Master Class

The Endgame

Jamie Dreier

Myself, I was looking forward to Dan Shoham's column. Then I discovered that it would consist of a selection of his EOG statements. Disappointing. I'd been hoping that he'd give some lessons. What's worse, Dan has disappeared, so even the EOG statements are not to be expected for near-future issues of The Diplomatic Pouch. So, I says to myself, "Stop whining and do something about it." Here's what I decided to do about it.

Diplomacy players are full of advice (among other things). But not a whole lot of it is terribly useful. Not very much Diplomacy advice generalizes to principles that you can use in games. What little there is has been assimilated by most reasonably advanced players, say, those who designate themselves Experts (and some who too modestly register as Intermediates).

Herewith, a bit of endgame analysis that does generalize, and is useful. It is intended for experienced players who are looking to add another arrow to their quiver. I've somewhat whimsically called this a "Master Class," and I'll be pretending (?) that readers are eager analogues of what the chess world calls "candidate masters." From time to time, I ask you to stop reading and consider one or another aspect of the situation I describe, asking you to solve a certain problem or just answer a little question. I think it's worth working through the article this way.

As a prelude....

Sometimes, occasionally, rarely, you may reach a position from which you have a forced win. Now, a strict forced win is a position from which you will certainly win with a particular set of moves, even if everyone else guesses right every time. Even if the other players could actually see your moves before they entered theirs, you'd still win. Such positions are rare, and they are fairly easy to spot when they arise. I am interested (both in practice and in a theoretical way) in a "virtual force." This article explains virtual forcing by an example. It's rather too complicated to explain in this prelude. So, on with the Master Class.

Here is a position that arose in actual play. In fact, I will give only half of the position, and some stipulations about the rest. The stipulations are not thoroughly realistic -- in the actual game, the position southwest of Switzerland was somewhat more complicated. For the purposes of this "class," I have to strike a balance. I do want to stress the realism of the situation; this isn't a pure exercise in logic, but a crucial part of endgame tactics. On the other hand, for this lesson I want a position that has what I call a "virtual force." Generally, in a real game there will be some unforced elements. I am trying to isolate the forced elements. In the game from which this position was taken, there were some chancy, unforced elements southwest of Switzerland. Combining forced elements with probabilistic considerations is for another class (preferably one conducted by someone else).

The position:

AUSTRIA: A Tyrolia, A Bohemia, A Berlin, A Silesia, A Prussia, A Moscow, A Warsaw, A Trieste, A Vienna, A Budapest, A Galicia.

FRANCE: A Munich, A Kiel, A Ruhr, A Burgundy, A Piedmont, A Marseilles, F Gulf of Lyon, A Livonia, F St. Pete(sc), A Fin, F Norway, F Gulf of Bothnia, F Baltic, F North Sea, A Holland, A Paris.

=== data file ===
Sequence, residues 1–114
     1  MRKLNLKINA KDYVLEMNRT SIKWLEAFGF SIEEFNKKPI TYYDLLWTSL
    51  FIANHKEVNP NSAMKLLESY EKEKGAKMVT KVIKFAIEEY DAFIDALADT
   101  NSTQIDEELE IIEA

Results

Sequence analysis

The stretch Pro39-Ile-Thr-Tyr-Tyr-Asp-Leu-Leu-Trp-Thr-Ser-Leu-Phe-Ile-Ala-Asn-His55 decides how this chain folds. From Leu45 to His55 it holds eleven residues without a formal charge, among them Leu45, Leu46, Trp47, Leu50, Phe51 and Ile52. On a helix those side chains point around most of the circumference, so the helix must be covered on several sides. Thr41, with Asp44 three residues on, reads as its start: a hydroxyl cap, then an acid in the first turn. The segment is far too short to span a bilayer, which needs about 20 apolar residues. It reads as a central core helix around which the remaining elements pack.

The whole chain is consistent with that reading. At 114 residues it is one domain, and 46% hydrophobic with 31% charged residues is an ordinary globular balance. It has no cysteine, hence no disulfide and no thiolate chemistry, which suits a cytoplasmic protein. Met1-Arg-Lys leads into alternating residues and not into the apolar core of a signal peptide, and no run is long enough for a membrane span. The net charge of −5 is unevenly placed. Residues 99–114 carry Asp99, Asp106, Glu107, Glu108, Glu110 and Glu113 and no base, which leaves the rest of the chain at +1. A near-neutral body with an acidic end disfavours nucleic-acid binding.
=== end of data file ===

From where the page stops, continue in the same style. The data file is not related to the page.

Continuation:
Further features of the positon: Italy and Austria are allied in trying to prevent France from winning the game. France has captured Tunis, and is in position to hold it come what may. (Since this is a Master Class, I don't need to explain how this is possible!) There is no chance of penetration in either direction in the Mediterranean. The sole channel of intercourse between the two sides south of Switzerland, is the Piedmont-Tyrolia connection. We shall stipulate that Italy and Austria are unable to drive the French Army Tyrolia out of there.

France and Austria have as many units as they need. The relevant part of the board is full, with all spaces occupied.

France now owns 17 supply centers. (Again, all Candidate Masters will be able to see which centers those are.) She has only one chance at an 18th center: Berlin. Only one of her centers is even marginally at risk, given any moderately realistic move: Munich. France's object is to capture Berlin while retaining Munich. The Allies aim to hold on to Berlin, or capture Munich, and set up a position from which France can advance no further. (This is not a further stipulation. It follows from the position and the prior stipulation about the Mediterranean. Once more, all Candidate Masters may easily verify this fact.)

In short, France has to take Berlin without losing Munich, or take Berlin while losing Munich but then recapture Munich without losing Berlin, or the like. Austria/Italy have to somehow seal up the position in Germany so that Austria permanently holds Munich or Berlin (or both!), or possession of Berlin and Munich alternate ad infinitum. Since Italy's moves play no role in the forthcoming analysis, I will call the southeast alliance "Austria" from now on.

Before reading on, look over the position, and consider what plausible sets of orders each side has. Note the French army in Livonia, and the one in Piedmont. What are their roles? Consider Austria's defensive possibilities. Does he have offensive chances at all? Under what circumstances? Click here when your pencil is back on your desk.